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Is the process by which United States administrative patent judges are appointed in this country unconstitutional? This is the question a law professor at George Washington University Law School, by the name of John Duffy, sought out to answer, after he stumbled across what appeared to be a flaw in our judicial system that dates back to 2000.

The troublesome thing is that after doing extensive research Professor Duffy found out that he was correct. He discovered a constitutional flaw in the appointment process of the judges who decide cases dealing with patent appeals and disputes, stating that the appointment process is unconstitutional. Since 2000, patent judges have been appointed by a government official who has neither the authority nor the constitutional power to appoint patent judges. The problem Professor Duffy identified at least arguably invalidates every decision the patent court has made since March 2000.


Photo credit Bhtmfan

Are you kidding me? All court cases involving patents in an 8-year span?! These findings could affect thousand of patent decisions affecting billions of dollars. Can you imagine the effect it could potentially have on our country if the Supreme Court decides that these cases should be appealed and retried? Quite honestly I can’t, but it does pose many questions. Who all will this affect? What companies? How many people’s personal lives will be turned upside down? The final ramifications could be astounding.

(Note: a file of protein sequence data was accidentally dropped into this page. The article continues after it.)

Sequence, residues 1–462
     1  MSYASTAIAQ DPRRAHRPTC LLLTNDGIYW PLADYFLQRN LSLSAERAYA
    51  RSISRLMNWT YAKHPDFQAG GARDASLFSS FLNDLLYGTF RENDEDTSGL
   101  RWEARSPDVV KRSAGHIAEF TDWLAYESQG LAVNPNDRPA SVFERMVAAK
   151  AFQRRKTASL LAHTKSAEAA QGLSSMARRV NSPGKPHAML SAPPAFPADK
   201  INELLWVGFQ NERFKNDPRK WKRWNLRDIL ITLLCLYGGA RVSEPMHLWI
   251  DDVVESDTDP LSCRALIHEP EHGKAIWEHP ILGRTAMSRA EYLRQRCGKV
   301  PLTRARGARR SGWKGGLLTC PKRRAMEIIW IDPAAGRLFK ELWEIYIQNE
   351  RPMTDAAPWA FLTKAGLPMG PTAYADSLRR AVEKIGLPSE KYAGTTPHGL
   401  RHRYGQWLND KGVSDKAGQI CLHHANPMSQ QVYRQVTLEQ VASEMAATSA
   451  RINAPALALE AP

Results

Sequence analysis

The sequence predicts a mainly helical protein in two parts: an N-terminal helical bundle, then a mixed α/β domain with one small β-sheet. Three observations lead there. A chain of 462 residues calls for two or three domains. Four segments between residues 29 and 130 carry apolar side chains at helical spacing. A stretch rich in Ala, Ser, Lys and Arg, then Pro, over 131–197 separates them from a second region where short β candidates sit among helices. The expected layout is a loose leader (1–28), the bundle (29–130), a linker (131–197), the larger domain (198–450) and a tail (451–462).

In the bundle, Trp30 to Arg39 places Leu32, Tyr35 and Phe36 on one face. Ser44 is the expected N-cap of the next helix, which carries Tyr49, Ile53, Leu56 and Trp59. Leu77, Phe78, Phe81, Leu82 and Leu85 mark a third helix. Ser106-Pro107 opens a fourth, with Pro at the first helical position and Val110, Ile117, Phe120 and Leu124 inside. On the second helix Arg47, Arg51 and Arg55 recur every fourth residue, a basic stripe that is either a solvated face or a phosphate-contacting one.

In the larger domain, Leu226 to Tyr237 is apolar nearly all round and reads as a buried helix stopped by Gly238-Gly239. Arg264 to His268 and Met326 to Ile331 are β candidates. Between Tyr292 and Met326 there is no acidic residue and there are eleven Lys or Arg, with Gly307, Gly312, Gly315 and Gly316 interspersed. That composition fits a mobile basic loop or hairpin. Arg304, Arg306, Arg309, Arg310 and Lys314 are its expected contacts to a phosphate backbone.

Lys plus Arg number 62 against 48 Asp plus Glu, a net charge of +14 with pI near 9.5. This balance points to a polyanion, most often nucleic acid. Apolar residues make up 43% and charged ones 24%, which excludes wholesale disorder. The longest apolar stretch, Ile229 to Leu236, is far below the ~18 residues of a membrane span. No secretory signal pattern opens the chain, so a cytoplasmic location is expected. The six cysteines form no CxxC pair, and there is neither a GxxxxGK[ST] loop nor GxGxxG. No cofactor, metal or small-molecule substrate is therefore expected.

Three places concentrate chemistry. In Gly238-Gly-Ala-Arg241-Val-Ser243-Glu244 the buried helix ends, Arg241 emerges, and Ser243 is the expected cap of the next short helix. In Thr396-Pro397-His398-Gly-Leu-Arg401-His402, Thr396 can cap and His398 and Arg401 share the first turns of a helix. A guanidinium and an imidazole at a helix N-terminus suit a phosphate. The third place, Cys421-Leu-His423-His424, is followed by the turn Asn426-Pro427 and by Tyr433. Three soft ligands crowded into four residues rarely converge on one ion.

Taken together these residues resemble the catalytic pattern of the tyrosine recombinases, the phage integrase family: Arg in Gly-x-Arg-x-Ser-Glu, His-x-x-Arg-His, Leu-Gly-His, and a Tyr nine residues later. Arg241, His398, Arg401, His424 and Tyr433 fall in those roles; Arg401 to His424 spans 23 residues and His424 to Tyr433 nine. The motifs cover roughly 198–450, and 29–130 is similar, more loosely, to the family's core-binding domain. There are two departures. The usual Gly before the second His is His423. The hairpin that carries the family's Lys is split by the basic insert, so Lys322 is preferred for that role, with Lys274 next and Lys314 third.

Cases such as the Translogic case (where $86 million is at stake) are already being taken to the Supreme Court on the basis that “an improperly constituted tribunal should not be deciding the case, so we will have to go back and have the decision made by a properly constituted panel.” Personally I can’t wait to see how this all turns out. As it stands now the justice department is not disputing Duffy’s findings and is already desperately looking for a solution. What solution will they find? I guess we’ll just have to wait and see.

Comments

One thought on “Patented 2000 – 2008… Maybe not.
  1. Mike says:

    I guess that it is a good thing that we havent seen a real growth or advancement in the patenting of technology or genetics in the last 8 years. SHEEESH. Great story. Judge Junior

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